Hopland Research Center Reducing Sheep Flock

For more than 65 years, the University of California Hopland Research and Extension Center has been well known as one of the last large-scale sheep ranches and research facilities in the northwest. The sheep's woolly forms are a familiar sight against the backdrop of the 5,358-acre site, well loved by the community for school field trips during the lambing season and for the sheepdog trials in the fall.

This summer, the HREC flock will be reduced from 500 breeding ewes to approximately 125, and the full-time shepherd position will be cut. The sheep will be sold at auction on the site on Monday, June 3. The sale will allow sealed bids from 8 a.m. to 11 a.m., with a minimum lot size of 20 animals. This reduction echoes a change that can been seen across the state in flock size and management styles.

The sheep population in Mendocino County has fallen from 140,000 in 1954 to 10,400 in 2018, and statewide sheep numbers have fallen from 2,034,000 in 1954 to 550,000 at the end of 2018. As California flock numbers have declined, so has sheep research interest and funding.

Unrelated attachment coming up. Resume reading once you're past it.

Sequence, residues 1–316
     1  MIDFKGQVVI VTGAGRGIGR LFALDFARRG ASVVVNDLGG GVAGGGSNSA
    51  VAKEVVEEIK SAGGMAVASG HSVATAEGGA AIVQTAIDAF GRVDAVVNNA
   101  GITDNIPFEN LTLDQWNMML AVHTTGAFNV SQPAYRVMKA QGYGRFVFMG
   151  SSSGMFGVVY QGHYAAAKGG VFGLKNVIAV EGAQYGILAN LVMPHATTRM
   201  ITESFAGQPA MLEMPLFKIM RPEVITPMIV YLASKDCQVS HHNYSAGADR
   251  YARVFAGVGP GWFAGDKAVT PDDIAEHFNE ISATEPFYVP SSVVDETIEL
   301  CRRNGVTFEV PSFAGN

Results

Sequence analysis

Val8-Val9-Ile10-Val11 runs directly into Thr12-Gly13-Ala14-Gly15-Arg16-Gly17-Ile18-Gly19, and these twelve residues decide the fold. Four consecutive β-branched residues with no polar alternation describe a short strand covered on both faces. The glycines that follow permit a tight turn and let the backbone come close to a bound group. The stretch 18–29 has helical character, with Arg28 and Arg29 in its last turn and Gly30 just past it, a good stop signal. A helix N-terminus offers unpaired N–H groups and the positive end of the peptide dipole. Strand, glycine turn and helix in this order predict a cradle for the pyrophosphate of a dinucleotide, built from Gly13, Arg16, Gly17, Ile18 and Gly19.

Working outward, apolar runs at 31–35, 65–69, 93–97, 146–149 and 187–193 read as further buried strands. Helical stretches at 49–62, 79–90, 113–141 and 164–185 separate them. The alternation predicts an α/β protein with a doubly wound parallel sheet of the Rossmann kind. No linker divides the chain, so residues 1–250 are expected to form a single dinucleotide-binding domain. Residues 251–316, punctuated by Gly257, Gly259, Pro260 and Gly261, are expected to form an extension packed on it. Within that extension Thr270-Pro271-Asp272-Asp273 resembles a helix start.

Magnifying the impact of these changes, HREC is facing a significant reduction in funding from the University of California system. HREC is one of nine research and extension centers under the University of California Agriculture and Natural Resources division which has seen significant budget challenges in the last few years due to flat state funding.

Overall, budget reductions of $3.1 million from central funding across the REC system are planned, and HREC's share of these cuts will amount to more than 30 percent of its budget. The scale of this budget reduction is driving a statewide reevaluation of priorities and strategic decisions about where ANR should allocate limited funds to best meet its mission of strengthening the health of California's people, communities, food systems and environment.

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Source: Ukiah Daily Journal